The first bell rang throughout an entire school in a state of nervous anticipation. Most everyone in the building knew something was going to happen during third period, but few, I suspect, knew exactly why it had all come to this.
On May 6, three days after at , a horde of high school students walked out of class during third period and congregated at the front of the school. Teachers and staff stood watching, the vast majority physically distant enough to avoid overtly communicating support for the students’ protest.
After vocally expressing their respect for Horrell and their frustration with school administration, the students did what many committed protestors would: they ignored calls to stop—even those uttered by Horrell—and pushed their demonstration to another level. The student congregation marched away from the school to the football field a couple of blocks away.
The students felt betrayed by their school and frustrated by the lack of explanation for why one of their most beloved teachers and coaches was being punished. They felt they had no other recourse than to rebel. So they walked out, and just kept walking. Only their backpacks were left behind, abandoned, on the grass field in front of the school.
When I was a student at Clayton, I also participated in a school walkout. Ours was in response to the administration’s discussion of ending participation in the Voluntary Student Transfer Program. By undertaking the protest, we aimed to show how much the high school benefited from the desegregation initiative we sought to protect.
Our walkout was not a rebellion against school administration or policies. It was a celebration of the community we wished to preserve that culminated in hundreds of students linking hands in a circle of inclusiveness. It was a stand for an integrated dream that has yet to be fully realized and a future for which we were willing to sacrifice. It was an extension of our education as members of the .
The May 6 protest, on the other hand, was born from chaos. It was a product of dissatisfaction, dominated by misinformation. It was the outgrowth of a poor message fed to an intelligent community. And, to the credit of the Clayton schools and community, these students took a peaceful, coordinated stand against what they considered to be unjust.
Horrell was dismissed from the head coaching position May 3 for reasons not immediately made available to the public. In the information vacuum, rumors grew unchecked. Perhaps the most often told story held that Horrell conducted weightlifting sessions with eighth-grade students from in violation of Missouri State High School Activities Association (MSHSAA) guidelines. Jake Brown was supposedly one of these eighth-grade students, and his name rapidly spread through the grapevine.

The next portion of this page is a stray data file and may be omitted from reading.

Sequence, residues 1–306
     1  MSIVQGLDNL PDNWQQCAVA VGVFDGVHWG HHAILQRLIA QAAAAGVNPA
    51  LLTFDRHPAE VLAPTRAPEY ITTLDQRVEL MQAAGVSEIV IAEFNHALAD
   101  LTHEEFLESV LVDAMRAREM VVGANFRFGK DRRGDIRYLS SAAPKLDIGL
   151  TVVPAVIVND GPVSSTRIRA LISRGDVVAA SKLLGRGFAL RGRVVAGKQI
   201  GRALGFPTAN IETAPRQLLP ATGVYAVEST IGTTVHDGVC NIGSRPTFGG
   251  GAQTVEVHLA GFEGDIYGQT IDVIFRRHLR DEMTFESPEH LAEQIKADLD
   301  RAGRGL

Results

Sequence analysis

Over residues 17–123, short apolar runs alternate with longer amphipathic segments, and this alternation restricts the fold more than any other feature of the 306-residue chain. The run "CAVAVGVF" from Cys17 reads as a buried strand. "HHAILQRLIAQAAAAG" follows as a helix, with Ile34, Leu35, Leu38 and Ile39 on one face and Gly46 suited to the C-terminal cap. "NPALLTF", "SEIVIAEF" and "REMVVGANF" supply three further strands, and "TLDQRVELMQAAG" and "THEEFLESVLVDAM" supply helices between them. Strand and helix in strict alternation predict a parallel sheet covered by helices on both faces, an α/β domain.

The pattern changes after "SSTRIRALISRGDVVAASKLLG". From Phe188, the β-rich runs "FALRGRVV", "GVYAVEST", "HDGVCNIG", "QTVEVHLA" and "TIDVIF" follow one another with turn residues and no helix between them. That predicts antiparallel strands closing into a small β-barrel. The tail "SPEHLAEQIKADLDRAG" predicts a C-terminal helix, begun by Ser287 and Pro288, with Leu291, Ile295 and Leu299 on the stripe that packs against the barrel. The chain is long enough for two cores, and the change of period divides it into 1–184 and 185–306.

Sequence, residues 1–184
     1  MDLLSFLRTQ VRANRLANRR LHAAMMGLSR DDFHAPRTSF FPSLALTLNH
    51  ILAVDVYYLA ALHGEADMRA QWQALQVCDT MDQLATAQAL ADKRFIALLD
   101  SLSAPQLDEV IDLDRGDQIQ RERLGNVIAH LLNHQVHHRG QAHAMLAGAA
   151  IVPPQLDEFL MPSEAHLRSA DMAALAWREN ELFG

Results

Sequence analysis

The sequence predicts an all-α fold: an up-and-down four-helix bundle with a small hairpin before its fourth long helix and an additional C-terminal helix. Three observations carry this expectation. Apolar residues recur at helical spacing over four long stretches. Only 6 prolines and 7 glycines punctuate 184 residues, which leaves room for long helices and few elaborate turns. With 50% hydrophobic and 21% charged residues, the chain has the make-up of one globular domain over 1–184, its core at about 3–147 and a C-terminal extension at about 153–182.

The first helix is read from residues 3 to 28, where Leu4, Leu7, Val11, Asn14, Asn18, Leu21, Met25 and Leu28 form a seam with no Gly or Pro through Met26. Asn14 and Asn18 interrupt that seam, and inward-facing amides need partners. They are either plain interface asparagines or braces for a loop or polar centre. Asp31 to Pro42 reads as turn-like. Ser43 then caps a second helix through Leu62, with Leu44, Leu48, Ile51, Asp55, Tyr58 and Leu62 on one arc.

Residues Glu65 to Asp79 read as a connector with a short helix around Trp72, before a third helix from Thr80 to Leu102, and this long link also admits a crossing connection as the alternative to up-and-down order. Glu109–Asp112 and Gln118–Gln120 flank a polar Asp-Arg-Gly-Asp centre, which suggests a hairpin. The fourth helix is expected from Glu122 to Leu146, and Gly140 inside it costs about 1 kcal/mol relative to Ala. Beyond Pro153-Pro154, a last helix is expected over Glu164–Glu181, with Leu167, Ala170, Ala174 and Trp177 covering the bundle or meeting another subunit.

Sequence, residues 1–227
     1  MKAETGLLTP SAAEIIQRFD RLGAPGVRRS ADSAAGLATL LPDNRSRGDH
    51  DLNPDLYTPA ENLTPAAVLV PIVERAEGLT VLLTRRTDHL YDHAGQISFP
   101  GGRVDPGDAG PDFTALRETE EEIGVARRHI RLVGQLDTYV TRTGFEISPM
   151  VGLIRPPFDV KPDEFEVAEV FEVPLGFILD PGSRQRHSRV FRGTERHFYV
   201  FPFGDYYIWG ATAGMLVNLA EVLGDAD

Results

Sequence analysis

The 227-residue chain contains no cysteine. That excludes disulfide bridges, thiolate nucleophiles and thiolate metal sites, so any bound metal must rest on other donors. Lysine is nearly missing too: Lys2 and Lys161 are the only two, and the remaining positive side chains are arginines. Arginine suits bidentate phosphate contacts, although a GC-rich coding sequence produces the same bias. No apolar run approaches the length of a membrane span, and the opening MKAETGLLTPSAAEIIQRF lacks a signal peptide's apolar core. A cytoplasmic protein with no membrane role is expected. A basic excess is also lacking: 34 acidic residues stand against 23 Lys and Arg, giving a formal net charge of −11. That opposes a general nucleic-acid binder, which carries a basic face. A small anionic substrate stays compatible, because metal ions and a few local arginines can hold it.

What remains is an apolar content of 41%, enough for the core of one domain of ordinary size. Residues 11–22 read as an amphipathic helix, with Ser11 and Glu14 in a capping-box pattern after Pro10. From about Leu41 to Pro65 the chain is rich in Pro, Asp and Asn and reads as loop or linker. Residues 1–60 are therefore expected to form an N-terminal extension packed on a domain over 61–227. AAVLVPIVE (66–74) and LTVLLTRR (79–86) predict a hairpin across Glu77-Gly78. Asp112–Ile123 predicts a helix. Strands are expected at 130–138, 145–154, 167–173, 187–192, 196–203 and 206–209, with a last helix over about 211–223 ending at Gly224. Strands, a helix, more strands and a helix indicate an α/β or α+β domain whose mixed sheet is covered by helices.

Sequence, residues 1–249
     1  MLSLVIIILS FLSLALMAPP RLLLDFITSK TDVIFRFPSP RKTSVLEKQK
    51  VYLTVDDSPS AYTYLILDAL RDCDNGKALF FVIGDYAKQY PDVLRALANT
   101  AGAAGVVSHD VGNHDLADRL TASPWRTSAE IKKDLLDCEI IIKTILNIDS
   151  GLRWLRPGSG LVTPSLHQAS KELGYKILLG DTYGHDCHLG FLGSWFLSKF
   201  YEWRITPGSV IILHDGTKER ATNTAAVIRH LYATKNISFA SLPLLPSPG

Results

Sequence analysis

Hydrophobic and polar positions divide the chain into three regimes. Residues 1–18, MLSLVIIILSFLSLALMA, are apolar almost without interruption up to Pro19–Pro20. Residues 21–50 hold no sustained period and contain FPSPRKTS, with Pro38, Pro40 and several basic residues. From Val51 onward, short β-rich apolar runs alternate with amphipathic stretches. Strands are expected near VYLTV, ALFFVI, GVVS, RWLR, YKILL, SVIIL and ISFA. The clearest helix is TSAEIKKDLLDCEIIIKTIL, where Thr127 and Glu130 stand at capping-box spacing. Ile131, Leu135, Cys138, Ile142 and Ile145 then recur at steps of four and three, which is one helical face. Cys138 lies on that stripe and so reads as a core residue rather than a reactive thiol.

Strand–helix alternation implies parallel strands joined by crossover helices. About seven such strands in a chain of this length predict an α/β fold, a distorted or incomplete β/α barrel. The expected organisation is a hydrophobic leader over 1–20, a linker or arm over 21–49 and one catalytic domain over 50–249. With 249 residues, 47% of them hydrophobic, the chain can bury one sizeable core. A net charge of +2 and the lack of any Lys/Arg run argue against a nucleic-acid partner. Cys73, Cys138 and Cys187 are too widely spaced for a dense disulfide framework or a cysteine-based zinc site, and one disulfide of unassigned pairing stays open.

Was Horrell weightlifting with Brown? Was he feeding a future Clayton Greyhound quarterback passing plays Brown might one day run? Was the head coach of a high school football team already mounting the hopes and dreams of his program onto the shoulders of a middle school student?
Turns out, the exaggerated rumors were just that: exaggerated. The high school administration had video evidence of what Horrell was doing with a handful of middle school students. Horrell wasn’t spotting them while they were powerlifting. They weren’t memorizing plays drawn up on a chalkboard.
The tapes, Principal Louise Losos of Clayton High said, show Horrell providing instruction to a group of teenagers on how to run general conditioning drills. Most of these teenagers were high school students. A few of the participants were in the eighth grade.
These drills took place on basketball courts outside the weight room at , a gym facility connected to Clayton High that serves as a community recreational center.
Brown, a member of the Center of Clayton who frequently worked out there after school in January and February, said the middle school students didn’t do much of anything with Horrell. A lot of that had to do with Horrell’s absence by the time the middle school students arrived at the gym.
“I only saw Horrell about three times through the whole two months I was there,” Brown said.
Brown also didn’t feel confident working with the bigger and more experienced high school students. The middle school students spent almost all of their time at the gym working out on their own or playing basketball.
Brown said that sometimes the middle school students participated in group activities with the high school students. Little did Brown know that many of these high school students were enrolled in an after-school physical education class. Horrell and other Clayton staff served as instructors of that course.
But in the initial aftermath of Horrell’s dismissal, these details were never made clear. So rumors emerged to explain the drastic termination of a high school football coach, including all the scenarios that one might find on an episode of Dateline. The only saving grace for Horrell in this whole mess was that he was still retained as a physical education teacher at the school.
Horrell’s football coaching job was gone, and now his reputation was under fire. Whether he knew it or not, his best chance at redemption would come thanks to the hard work of a group of teenagers.
In the dark recesses of the Internet, Facebook-savvy kids were organizing in Horrell’s favor. By May 5, the call to “Bring Back Coach Horrell” was being echoed by hundreds of members of the online social network.
Editor's note: Part 2 of this four-part series will be published Thursday.